Hound of UIster wrote: View Post
Aldo wrote: View Post
As I've said in the original post, I've still only read the first book. But I do have a question, and I hope it could be answered with out spoiling future books too much:

After Duke Leto and his family arrived on Dune, I found it odd (for me) that they were acting like they would never see Caladan again. So I suppose my question is this: How common is space travel in the Dune universe? Because you'd never see something like that in a Star Trek movie (or book) where someone is worried they'll never see their old home planet again.
Caladan was lost to them. It was given to the Fenrings by the Emperor. They probably wouldn't have been allowed back.
Really? I must have missed that. I had always thought they'd left Caladan under the stewardship of a vassal house or some such.
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Old August 15 2013, 07:13 PM   #116
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Re: Dune - The Book and the 1984 film *spoilers for both*

I'm almost 23 years old, and my last attempt at the Silmarillion was a year ago, its not like age has anything to do with reading it anyway. Heck, I first read LOTR and Dune when I was in the fifth grade. When it comes to The Silmarillion being like the bible, that is really not a good thing. I've never read the Bible myself, but I've seen parts of it. The Bible really isn't a book, either, atleast not in the way that you can read it from beginning to end like a novel. But, its not supposed to be a novel that you read like a normal book, unlike Tolkien's later stuff. Writing a fiction book like an old religious text is not the way to write a book that people can/want to read, it seems more like a style over substance way of doing things, which The Silmarillion has always gicen me the impression of. He seemed to care more about how he wrote it than if it was readable to people.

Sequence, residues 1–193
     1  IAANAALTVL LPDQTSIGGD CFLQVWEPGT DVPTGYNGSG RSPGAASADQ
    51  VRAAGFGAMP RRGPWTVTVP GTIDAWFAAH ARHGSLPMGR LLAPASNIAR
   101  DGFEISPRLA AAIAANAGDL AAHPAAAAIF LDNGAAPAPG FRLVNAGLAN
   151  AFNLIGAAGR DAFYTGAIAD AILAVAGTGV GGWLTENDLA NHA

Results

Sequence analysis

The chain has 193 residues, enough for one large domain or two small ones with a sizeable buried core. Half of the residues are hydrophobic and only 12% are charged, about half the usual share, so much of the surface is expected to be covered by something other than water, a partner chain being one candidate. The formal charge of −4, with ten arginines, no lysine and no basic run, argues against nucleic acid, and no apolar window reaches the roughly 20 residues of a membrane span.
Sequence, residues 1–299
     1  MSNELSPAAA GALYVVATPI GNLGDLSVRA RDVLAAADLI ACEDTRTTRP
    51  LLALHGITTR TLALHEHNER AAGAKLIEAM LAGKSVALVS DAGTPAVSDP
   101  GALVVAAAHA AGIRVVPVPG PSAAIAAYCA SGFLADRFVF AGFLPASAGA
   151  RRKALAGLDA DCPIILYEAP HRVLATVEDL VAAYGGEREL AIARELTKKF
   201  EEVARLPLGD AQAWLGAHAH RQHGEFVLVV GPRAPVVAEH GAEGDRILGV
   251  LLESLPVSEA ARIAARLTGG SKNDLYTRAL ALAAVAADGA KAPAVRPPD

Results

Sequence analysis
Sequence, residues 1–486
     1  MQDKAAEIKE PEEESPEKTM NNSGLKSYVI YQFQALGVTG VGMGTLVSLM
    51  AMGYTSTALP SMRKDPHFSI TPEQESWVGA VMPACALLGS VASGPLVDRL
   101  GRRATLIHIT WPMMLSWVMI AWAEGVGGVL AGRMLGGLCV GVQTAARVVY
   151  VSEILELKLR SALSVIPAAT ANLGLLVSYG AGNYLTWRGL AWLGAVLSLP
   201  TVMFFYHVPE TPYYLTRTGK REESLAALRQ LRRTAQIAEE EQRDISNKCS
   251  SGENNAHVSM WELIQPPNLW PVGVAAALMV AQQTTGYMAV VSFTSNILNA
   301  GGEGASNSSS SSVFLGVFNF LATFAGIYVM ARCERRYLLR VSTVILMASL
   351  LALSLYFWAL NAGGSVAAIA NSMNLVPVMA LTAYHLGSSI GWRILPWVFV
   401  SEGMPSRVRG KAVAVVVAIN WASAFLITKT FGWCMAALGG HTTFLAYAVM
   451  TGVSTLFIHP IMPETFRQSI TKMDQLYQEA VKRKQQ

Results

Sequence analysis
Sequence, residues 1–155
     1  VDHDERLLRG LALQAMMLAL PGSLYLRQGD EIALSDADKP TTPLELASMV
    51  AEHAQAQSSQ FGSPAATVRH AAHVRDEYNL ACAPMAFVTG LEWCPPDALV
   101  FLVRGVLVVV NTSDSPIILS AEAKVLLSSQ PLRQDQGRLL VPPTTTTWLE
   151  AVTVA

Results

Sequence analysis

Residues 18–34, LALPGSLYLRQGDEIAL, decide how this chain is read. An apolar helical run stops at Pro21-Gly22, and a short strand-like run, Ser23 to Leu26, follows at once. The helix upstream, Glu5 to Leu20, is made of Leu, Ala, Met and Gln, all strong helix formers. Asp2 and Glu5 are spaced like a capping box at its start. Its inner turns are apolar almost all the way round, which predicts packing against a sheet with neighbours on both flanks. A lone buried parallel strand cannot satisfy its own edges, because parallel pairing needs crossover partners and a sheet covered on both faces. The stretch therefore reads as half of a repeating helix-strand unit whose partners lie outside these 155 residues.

As for comparing it to Dune stuff, Brian Herbert/KA stuff is far superior to The Silmarillion or any of the other Tolkien stuff that isn't the 4 main LOTR books. Besides the fact that just being readable puts them ahead of Tolkien's lesser known work, they're just good stories (well, mostly, I didn't like the Butlerian Jihand books but besides that the Herbert/Anderson stuff has been solid). They obviously don't compare to the main LOTR books, but Herbert and Anderson have written over 7 good books just in the Dune series, JRR Tolkien wrote four amazing books in his entire life and a lot of unreadable gibberish.

Still, thats not meant as an insult to Tolkien. As much as I enjoy them, none of the BH/KA books match up to the LOTR books, but BH/KA are much more consistent with their work. Tolkien's stuff is either amazing or unreadable, there is no middle ground. I'm not saying their aren't good ideas in his later work, he just wrote them like he forgot how to write a book. Give some good modern authors a chance to translate his work into something that resembles a novel, and it could be very interesting. As it is, its something i couldn't read if I spoent every day of the rest of my life trying.
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Old August 15 2013, 08:16 PM   #117
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Re: Dune - The Book and the 1984 film *spoilers for both*